PTSD

An item on the local TV news today covered a special tribute from a 70 year old son to his dad on his 100th birthday.

Apparently Dad was entitled to 6 medals for his service in WW2 but declined them at the end of the war because he did not want to be reminded of his wartime experiences, the friends he had lost and the sights he had seen.

For his 100th birthday, the son had the “missing” medals minted and awarded to his dad as a special tribute.

How bloody insensitive can you get? 

Post-Traumatic Stress Disorder is real and possibly forever.  Resurrecting bad memories after 70 years is not likely to help.

What can help is a donation to http://www.combatstress.org.uk , the charity that strives to help those who struggle with their memories of war.

Plus ça change…

Today, while doing the ironing, I watched two railway/railroad based films/movies.

The first is typical of its time, featuring a multi-racial cast, and depicts an initial corporate failure leading to a disaster with actual massive loss of life, but in our story, after several personal triumphs by our hero the final result is a happy ending for most of the group we are following.   There are some humorous moments and many of high tension.

The  second is typical of its time, featuring a multi-racial cast, and depicts initial failures by two individuals leading to a potential disaster with massive loss of life, but in our story, after several corporate failures the final result is a happy ending for most of the group we have been following.  There are some humorous moments  and many of high tension.

The films?

A C21st kit issue.

Today my combat boots/desert boots finally gave up, after several months’ daily use.  The steel bar in the sole popped out through the instep, simultaneously on both boots.  So I chucked them in the bin and got out the back-up pair.  First job: coat the new boots with leather protector.  I did notice that the pair I just chucked away were noticeably darker on the front of the right boot from playing football with Sparky.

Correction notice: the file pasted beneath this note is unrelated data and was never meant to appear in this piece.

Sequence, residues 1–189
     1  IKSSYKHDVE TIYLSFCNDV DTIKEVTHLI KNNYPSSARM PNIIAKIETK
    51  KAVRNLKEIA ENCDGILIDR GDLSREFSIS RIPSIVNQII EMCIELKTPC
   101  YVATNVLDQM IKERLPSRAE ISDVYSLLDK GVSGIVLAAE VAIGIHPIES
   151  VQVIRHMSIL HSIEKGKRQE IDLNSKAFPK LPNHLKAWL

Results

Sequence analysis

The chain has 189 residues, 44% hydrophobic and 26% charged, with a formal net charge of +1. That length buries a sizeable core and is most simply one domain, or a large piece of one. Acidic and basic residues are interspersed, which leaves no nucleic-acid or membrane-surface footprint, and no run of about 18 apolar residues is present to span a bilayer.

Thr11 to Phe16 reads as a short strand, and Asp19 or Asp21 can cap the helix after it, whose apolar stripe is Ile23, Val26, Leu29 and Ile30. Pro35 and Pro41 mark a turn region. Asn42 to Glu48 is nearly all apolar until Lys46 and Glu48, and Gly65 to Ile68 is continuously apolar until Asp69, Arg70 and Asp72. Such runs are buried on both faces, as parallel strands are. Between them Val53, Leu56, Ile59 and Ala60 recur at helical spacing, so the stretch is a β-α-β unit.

(Sparky says: “Sparky does not care about your boots.  Just play Ball with me”).

Time to buy a new back-up pair of boots.

Sparky says…

Sparky says:
“Today we went to The Woods for my morning walk.
Nothing special happened except when Clever Sparky had to find The Ball under a really tricky holly bush. Good Boy Sparky Who’s a Clever Dog?

In the after-second-food We went on the “around-the-block-and-to-the-shop-and-wait-good-boy-Sparky” walk. But today We did not go to the shop. It was hot.

What a boring day. We did play Ball when He put the what-They-wear on the string across my play place to get them dry.”

The effects of battle

I have been listening to the BBC “Beyond Today” six-part podcast: “The Deadliest Day”. The podcast is a series of recordings made by the survivors and the relatives of those who died, were physically wounded or otherwise suffered from 9 Platoon, 2nd Rifles that suffered the highest casualty rate on the day of the highest casualties inflicted on the British Army in Afghanistan since the Victorian period – July 10th 2009.
The interviews are very frank, very enlightening and occasionally very distressing.

I believe that these experiences are common to many soldiers and their families in all the wars of history. The difference is that today the survivors – in all senses of the word – are prepared to talk about it, and that their resulting life problems are officially recognised. Not solved, but at least recognised.

If you want to make a difference, make a donation to http://www.combatstress.org.uk.

All credit to the BBC for making this series of programmes, and to all those who were prepared to open their hearts to us.

Highly recommended.

Sparky says…

Sparky says:
“Today we did our usual quick walk with some Ball play, and I did a poo to please Him, so He was happy.
Then I went to play with some other dogs at “Number 10” while He took My Car away.
Later He came back with another Car, and I did not know who it was until He knocked the door of No.10. I knew it was someone at the door so I shouted to say “A Burglar is coming”, like I always do at home. Then I found it was Him and I was happy and We went Home and played Ball for ever so long in My Garden.
Later we went for our usual walk, play Ball, have a Poo near the collect-a poo-bin (Good Dog Sparky), hook up outside the Shop, go Home thing. It was a normal boring day, except for the “play with other doggies” bit.

Walks with my dog, the future.

Just to advise any followers of this thread that following veterinary advice long walks are suspended.
I will try to find similar short walks, but they will be described from Sparky’s viewpoint and will be tagged as “Sparky Says”

Sparky has already started giving his views on our life over the last few days. If I could understand how to use the new WordPress editor I would link the posts, but so far the method has eluded me.

I will ask Sparky for help. Sparky’s a clever dog. Meanwhile you will have to search my recent posts.